Unit Testing is a Tool, Not a Task
All too often I run into development projects that have little to no unit tests. Unit testing is seen as an extra task that takes up too much of the developer’s time.
Surprisingly, it seems that the open source community and individual developers have no problems adding unit tests. It is the companies and big teams that tend to neglect them.
I think a lot of this has stemmed from the fact that many companies establish major processes around unit tests. Code coverage must be 95%. All pull requests must have unit tests. These types of regulations are well-meaning, and I’d argue necessary. But if developers don’t understand why they are unit testing, then it’s more of a chore than the tool that it was always meant to be.
The Nails Keeping Everything Together
When building a house, construction workers use nails to setup the framework. Nails are a necessary tool to create your typical house. No construction worker in his or her right mind would lay out all of the scaffolding, build everything up and just assume the structure would stay up. Moreover, they certainly wouldn’t add the nails after building the house. Not only could this risk knocking the whole house down, but they could miss certain sections of the house completely.
I think of this every time a piece of code is merged to production without unit tests, or when developers claim they don’t have time to add unit tests. Not having time to add unit tests is equivalent to not having time to add nails. It really doesn’t make a lot of sense. All I hear is that the developer was not using the proper tools to create the final product.
I think this disconnect comes from a lack of training in the online community. Online learning is the way that the majority of the developers I know learned how to do their jobs. Excellent websites like the Pluralsight, Safari Books and blogs do a fantastic job of giving an overview of different languages and frameworks. And while these resources also have plenty of content about unit testing, it is often a separate topic. For brevity’s sake, the courses don’t go into things like unit testing and new developers to the technology are left watching an example of someone building a house without the right tools.
Similarly, new developers to a project are generally trained on things like code style, branching, and perhaps even something like maintaining code coverage. All the while missing the fact that writing unit tests should be an integral part of their day to day lives as software developers. It is not just an item on a checklist to prove to the code reviewer you’ve done tests. It is how you write code.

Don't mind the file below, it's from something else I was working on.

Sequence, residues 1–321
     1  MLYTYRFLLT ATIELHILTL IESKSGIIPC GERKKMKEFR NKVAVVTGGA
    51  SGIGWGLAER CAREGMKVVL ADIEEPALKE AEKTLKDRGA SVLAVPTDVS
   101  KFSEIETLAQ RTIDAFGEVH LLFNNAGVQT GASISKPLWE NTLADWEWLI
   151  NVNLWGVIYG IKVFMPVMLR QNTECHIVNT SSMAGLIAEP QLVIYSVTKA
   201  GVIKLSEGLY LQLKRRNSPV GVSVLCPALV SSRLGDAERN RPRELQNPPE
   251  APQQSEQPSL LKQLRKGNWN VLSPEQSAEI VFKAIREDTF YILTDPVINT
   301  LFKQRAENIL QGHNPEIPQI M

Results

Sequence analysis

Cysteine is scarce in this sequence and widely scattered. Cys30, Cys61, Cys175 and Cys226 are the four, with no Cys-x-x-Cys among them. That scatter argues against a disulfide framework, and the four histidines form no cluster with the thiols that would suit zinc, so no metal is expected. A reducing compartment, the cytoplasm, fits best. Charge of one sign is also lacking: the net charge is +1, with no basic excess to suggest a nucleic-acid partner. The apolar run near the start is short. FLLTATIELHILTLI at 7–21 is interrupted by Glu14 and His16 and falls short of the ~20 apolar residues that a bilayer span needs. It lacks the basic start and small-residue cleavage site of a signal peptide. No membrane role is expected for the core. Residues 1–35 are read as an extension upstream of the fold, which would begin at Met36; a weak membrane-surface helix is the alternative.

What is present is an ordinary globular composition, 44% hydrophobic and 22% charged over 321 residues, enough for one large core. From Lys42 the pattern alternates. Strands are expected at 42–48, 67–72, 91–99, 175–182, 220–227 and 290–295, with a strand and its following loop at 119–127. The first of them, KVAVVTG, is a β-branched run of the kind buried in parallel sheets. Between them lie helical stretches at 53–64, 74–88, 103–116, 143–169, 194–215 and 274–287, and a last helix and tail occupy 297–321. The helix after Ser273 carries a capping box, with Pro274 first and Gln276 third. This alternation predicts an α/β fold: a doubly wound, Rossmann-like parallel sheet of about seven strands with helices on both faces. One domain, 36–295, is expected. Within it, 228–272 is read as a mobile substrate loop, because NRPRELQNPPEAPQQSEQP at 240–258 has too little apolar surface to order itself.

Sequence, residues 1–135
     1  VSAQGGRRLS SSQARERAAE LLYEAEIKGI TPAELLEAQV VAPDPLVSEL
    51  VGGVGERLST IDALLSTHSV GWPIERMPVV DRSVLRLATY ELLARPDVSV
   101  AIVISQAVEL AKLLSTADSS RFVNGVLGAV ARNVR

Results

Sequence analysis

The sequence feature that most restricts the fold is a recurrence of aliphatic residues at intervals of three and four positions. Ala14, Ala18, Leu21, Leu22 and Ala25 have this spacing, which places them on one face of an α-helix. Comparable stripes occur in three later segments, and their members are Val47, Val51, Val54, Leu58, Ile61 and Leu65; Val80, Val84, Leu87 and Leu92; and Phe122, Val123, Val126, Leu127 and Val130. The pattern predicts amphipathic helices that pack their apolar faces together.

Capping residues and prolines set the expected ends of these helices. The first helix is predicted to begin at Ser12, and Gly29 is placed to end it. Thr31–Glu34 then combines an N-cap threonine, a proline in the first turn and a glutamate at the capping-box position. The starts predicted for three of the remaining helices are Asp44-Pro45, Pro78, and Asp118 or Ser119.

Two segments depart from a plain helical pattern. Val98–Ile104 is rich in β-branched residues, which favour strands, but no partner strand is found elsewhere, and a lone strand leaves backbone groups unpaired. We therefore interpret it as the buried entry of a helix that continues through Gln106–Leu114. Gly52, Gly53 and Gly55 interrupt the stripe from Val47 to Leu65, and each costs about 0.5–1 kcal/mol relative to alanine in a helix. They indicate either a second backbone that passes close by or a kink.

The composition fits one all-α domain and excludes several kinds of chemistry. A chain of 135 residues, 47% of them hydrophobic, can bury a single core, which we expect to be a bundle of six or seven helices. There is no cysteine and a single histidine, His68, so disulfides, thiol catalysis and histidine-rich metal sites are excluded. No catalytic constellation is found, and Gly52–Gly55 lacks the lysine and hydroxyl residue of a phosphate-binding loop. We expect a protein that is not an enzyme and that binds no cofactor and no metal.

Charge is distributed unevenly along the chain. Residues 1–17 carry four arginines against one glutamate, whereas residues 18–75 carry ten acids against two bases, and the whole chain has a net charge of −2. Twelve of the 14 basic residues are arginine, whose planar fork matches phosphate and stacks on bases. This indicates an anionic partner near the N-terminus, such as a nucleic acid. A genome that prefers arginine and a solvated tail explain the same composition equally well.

One of the major reasons developers don’t like write unit tests is that they say it’s like writing double the code. By adding unit tests after the fact, I don’t disagree with that complaint. The fact is, though, that they really were unit testing all along. Whether it’s constantly refreshing a browser, using POSTman to hit an API endpoint or deploying an app to their device to test, the concept of unit testing was there.
The problem with this type of “unit testing”, though, is that it is extremely inefficient. When I am fixing a bug, or writing a new feature, the first lines of code I write are always in a unit test file. The last thing I do is test in a browser, use POSTman or deploy to a device. Because these things are slow.
Imagine testing that an input provides the the correct results in a mobile app. Deploying an app to a device or even a simulator can take at the very least 15-30 seconds. Add to that the time it takes to manually enter the input every time, not to mention human error and you’re looking at perhaps 1 minute per test. Setting up a unit test undoubtedly takes a little bit of time, but now each test takes mere milliseconds.
Not only are there time efficiencies to gain, but now that the unit test is built you’ve got an instant regression tester. You’ve got some documentation. It’s going to be easier for developers to pick it back up later, including yourself.
I think the main cure is simply training developers of the why behind the unit tests. It’s often difficult to see a test file and a code file and understand how those came to be. Have developers who refuse to write, or who don’t believe in unit tests shadow a unit testing advocate for a couple days.
It’s likely these developers never actually watched someone code before. This is unlike almost any other profession. Doctors wouldn’t just start operating on day one. They have to watch the experienced doctors. Teachers have had 20 years of watching others teach before doing it themselves. Yet we often throw developers “into the fire” without seeing how others actually work in their day to day lives.
In addition, I think we have to do a better job of online training. In my career, I’ve learned so much from just watching senior level developers work. Not just in the area of unit testing, but in all areas. Obviously, it’s not all that efficient for developers to just sit and watch others, and that’s where online tooling can improve. Let’s get some live streams of quality developers just coding, solving real-world problems.
I think we could all learn something from watching how others do their job, and can improve our daily workflows drastically in doing so.